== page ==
Hepatitis B Virus: Replication, Mutation, and Evolution

  • Amy C. Sherman
  • Shyam Kottilil


Hepatitis B Virus (HBV) is a DNA virus that utilizes a complex life cycle to replicate via an RNA intermediate transcript with the help of reverse transcriptase enzyme. Many steps in the life cycle of HBV have not been clearly understood mainly because of the lack of availability of culture systems that are permissive to full-length HBV genome replication. Chronic HBV infection can lead to liver cirrhosis and hepatocellular carcinoma. Effective treatments are available for chronic HBV that has been shown to significantly lower morbidity and mortality. However, the effectiveness of antiviral therapy is hampered by the development of mutations in the reverse transcriptase resulting in progressive liver disease. Mutagenesis also happens in the presence of host immune response and has resulted in the evolution of HBV across various species (avian, primate, and human) and geographical regions. This review focuses on a concise summary of HBV replication cycle, mutagenesis, and evolution.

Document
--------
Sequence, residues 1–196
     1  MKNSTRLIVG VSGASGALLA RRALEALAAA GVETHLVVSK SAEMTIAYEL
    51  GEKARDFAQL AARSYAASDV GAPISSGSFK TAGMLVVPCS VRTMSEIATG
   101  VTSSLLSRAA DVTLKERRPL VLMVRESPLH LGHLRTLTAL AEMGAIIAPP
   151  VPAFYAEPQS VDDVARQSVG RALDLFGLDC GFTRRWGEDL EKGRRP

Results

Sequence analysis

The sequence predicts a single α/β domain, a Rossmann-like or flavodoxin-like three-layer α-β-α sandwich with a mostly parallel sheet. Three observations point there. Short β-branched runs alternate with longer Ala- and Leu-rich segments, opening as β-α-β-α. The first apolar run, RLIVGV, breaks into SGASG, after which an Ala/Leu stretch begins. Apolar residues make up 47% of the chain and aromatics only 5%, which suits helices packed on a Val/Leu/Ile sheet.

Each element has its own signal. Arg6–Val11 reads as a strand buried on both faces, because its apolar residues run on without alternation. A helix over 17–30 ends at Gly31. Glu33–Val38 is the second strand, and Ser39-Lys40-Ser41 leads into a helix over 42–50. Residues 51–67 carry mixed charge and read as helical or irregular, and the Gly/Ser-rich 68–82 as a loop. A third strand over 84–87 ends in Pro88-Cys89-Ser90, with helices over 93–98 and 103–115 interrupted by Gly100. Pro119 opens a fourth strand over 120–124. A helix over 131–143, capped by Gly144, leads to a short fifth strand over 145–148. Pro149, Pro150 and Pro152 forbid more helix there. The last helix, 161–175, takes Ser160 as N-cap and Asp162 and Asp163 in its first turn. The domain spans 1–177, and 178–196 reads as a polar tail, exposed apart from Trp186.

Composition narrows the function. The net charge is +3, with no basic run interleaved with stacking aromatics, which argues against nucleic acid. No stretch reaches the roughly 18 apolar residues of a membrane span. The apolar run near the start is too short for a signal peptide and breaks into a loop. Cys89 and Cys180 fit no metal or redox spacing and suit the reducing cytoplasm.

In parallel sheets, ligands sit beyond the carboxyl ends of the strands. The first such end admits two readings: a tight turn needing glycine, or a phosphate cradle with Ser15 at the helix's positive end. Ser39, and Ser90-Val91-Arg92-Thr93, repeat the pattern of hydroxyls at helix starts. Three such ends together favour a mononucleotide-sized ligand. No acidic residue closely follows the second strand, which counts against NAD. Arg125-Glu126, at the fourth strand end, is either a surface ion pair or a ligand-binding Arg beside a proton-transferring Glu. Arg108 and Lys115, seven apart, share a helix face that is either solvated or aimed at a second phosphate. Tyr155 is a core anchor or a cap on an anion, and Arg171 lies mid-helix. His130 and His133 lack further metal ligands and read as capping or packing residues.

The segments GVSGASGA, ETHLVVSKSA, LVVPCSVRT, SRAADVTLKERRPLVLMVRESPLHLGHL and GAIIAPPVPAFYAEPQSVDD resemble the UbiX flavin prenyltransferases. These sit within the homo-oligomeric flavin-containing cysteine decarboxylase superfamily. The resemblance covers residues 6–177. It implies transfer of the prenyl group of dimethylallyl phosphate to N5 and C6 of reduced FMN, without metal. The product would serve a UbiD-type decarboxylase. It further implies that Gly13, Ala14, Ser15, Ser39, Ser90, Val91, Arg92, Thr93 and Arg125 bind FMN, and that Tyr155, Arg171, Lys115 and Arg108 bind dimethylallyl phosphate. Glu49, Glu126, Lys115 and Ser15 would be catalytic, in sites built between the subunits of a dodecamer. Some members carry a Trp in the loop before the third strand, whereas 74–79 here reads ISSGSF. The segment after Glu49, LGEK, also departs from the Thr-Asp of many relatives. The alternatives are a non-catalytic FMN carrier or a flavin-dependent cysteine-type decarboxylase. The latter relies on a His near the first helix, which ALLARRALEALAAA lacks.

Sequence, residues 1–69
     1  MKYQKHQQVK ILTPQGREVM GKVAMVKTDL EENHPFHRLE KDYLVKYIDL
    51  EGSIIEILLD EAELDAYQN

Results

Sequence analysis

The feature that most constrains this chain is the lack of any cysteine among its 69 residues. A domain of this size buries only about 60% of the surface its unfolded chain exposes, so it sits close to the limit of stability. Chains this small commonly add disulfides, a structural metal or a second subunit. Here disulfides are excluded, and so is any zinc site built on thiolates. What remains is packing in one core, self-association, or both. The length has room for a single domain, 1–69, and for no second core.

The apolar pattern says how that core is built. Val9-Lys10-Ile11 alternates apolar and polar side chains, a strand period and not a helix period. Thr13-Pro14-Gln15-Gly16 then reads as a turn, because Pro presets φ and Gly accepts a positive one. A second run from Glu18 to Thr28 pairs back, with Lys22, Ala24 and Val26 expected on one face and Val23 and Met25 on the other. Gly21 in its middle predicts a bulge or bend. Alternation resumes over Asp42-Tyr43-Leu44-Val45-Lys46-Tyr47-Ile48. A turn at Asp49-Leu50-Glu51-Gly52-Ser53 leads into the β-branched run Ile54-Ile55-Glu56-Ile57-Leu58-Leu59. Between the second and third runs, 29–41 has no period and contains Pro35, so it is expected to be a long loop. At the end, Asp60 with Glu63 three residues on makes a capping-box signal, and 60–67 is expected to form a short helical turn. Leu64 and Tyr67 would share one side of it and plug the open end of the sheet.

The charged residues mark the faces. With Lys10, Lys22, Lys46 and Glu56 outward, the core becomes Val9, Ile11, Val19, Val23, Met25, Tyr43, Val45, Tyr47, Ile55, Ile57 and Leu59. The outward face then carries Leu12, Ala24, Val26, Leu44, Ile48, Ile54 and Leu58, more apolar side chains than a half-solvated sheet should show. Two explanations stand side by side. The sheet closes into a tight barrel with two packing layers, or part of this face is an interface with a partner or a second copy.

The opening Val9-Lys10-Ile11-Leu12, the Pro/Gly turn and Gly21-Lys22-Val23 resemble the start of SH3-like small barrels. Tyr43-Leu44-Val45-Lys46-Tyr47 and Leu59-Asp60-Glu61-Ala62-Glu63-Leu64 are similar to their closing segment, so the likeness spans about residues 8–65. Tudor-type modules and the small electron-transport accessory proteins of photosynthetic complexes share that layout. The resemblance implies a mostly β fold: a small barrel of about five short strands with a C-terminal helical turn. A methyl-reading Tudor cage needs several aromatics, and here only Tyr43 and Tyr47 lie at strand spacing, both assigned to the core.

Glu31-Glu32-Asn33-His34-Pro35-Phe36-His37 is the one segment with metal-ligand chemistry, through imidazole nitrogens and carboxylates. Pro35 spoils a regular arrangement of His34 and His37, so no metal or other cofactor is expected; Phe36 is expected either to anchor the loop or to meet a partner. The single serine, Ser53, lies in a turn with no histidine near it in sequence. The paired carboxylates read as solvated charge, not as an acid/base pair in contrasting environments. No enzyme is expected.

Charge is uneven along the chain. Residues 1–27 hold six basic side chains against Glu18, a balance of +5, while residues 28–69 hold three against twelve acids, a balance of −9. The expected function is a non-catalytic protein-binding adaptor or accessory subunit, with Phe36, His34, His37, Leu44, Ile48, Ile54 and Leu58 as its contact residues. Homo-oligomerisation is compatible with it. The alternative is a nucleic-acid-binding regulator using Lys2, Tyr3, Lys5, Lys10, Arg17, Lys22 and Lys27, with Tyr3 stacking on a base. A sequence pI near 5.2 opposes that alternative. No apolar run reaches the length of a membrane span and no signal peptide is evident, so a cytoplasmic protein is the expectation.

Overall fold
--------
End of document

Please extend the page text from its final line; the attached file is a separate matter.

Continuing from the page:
Adefovir Dipivoxil Subviral Particle Reverse Transcription Process Cell Signal Transduction Pathway 
These keywords were added by machine and not by the authors. This process is experimental and the keywords may be updated as the learning algorithm improves.


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Copyright information

© Springer Science+Business Media, LLC 2012

Authors and Affiliations

  1. 1.Department of Laboratory ImmunoregulationNational Institute of Allergy and Infectious DiseasesBethesdaUSA
  2. 2.Department of Laboratory ImmunoregulationNational Institute of Allergy and Infectious DiseasesBethesdaUSA

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